Dennis and I looked at each other and then an idea appeared to pop into his head.  He was wearing one, single-strand necklace made of beads and small dangling pieces of metal.  He said that this one was his and he could trade it for the harmonica.  Before it got through our campfire translation service I already knew we had a deal.  I smiled and nodded, put the harmonica in its little box and extended it to him.  He smiled, pulled the necklace over his head and handed it to me.  I’m sure we both thought we were getting the better deal, so it worked out perfectly.

Dennis pulled the harmonica out of the box and the other young warriors rushed over to see his new prize.  I went to slip the necklace over my head and realized there was a problem.  All those times I’d been called a fat head, those people must have been right.  I could almost get the thing on, but not quite.  Dennis looked up from his new harmonica and his face went blank. I pulled the necklace down and looked at it.  Dennis put the harmonica back in the box and offered it back to me.  Evidently the necklace had a must-fit guarantee.

Everyone around the fire looked at me to see what I was going to do.  Now lets think about this for a moment, I thought. I can buy a harmonica anywhere, but how many times in my life am I going to have the opportunity to trade a Masi warrior for one of his only prized possession? I looked at Dennis and knew this really was a good man. I smiled, shook my head no and let him know the offer to trade back was appreciated, but I was still happy with the trade.  He smiled. You could feel everyone around the fire finally take a breath.  His friends immediately started trying to grab the harmonica away from Dennis in boyish curiosity.  Dennis would show it to them, holding it out and twisting it and then pulling it back, curling up as the others tried to wrestle it away from him, but Dennis won every time.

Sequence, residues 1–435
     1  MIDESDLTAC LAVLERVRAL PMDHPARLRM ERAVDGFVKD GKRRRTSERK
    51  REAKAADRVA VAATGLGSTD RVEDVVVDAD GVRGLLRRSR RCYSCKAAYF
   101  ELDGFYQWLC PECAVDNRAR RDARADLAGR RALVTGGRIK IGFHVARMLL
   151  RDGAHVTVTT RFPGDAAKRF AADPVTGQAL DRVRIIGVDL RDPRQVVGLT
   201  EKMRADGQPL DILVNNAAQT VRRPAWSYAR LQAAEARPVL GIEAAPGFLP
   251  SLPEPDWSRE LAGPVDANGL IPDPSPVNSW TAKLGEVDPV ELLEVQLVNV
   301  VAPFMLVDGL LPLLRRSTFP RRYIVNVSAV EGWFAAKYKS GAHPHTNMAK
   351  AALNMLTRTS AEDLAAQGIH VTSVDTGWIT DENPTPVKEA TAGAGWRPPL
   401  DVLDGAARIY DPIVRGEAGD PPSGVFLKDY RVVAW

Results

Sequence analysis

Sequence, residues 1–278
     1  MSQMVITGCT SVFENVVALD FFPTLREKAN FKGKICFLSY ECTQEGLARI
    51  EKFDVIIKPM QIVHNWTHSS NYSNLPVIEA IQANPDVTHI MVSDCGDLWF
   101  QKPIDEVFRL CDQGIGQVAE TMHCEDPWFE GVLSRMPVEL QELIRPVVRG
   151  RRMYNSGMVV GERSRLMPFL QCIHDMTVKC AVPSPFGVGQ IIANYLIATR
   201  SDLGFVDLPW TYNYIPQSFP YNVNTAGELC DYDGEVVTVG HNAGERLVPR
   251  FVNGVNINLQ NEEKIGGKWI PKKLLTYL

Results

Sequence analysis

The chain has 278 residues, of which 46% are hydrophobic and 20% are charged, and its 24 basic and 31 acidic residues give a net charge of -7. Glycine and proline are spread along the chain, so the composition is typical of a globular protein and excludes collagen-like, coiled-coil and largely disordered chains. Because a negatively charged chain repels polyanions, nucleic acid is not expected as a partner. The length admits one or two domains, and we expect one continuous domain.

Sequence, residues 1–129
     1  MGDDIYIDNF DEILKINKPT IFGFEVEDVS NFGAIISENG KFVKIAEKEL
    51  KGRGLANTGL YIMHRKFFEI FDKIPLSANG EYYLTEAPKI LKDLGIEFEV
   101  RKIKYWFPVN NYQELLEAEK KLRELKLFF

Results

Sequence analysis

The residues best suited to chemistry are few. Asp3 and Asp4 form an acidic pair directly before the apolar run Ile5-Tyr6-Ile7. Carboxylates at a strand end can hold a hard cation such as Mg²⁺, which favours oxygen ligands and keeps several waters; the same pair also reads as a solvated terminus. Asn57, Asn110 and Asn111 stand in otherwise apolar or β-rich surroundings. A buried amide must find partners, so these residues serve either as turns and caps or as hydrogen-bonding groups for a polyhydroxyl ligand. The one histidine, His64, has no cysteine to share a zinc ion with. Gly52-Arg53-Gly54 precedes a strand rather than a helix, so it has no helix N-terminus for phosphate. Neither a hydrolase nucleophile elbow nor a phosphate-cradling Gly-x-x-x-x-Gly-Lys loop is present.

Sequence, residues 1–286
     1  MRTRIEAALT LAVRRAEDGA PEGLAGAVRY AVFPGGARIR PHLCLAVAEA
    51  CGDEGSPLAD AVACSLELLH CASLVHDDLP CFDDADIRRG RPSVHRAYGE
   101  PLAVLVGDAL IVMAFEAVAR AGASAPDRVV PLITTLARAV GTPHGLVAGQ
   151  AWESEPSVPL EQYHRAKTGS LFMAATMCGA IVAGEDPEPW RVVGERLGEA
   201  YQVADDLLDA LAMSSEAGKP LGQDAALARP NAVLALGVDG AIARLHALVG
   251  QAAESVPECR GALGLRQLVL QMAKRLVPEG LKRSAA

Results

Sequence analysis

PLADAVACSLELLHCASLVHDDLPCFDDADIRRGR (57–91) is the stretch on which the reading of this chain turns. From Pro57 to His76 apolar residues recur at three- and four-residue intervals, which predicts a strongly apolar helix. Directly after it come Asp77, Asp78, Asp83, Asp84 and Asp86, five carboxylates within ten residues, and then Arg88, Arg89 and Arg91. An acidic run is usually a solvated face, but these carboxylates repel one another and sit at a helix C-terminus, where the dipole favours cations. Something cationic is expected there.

Finally one of the older Masi men, an elder I guessed, mumbled at Dennis, gave him a dirty look and held out his hand.  Dennis respectfully handed the harmonica over.  The older guy proceeded to go though almost the exact motions that Dennis had when he first investigated the harmonica.  The only difference what that he never smiled.  After a few minutes he handed it back to Dennis, grumbled and hinted a smile.  It appeared that everything was kosher with the old man.

As the night continued Dennis eventually let the other warriors look at his harmonica.  The grumpy one who liked looking through the binoculars the wrong way even smiled when he made the harmonica go, ‘hum’.  It gave me great pleasure to watch as these guys explored the new instrument.  I was feeling a little frustrated that I could almost get my necklace on, by not quite, so I decided to try again.  I was sitting off to the side of the fire so I didn’t think anyone could see me.  I was playing with it and realized I was getting very close to getting it over my head.  It was pretty close to my eyes and I thought if I could just get the damn thing over my nose I would be set.

Dennis and a couple of the other Masi must have read my mind.  My eyes were closed and the necklace was stuck above my nose.  I suddenly felt several sets of very large hands on my head, gently trying to work the necklace down over my nose.  As it turned out, the cord that the beads were strung on was made from material used in large grain sacs, which was plastic, so it had some stretch to it.  It took the guys a couple of minutes to work down over my nose and bushy handlebar mustache, but it worked.  I realized I would never get the necklace off without breaking it, but that was a-okay by me.  I looked up and Dennis was smiling ear-to-ear. I glanced over at the old guy and even he gave me a quick smile.  That did it; a good trade all around.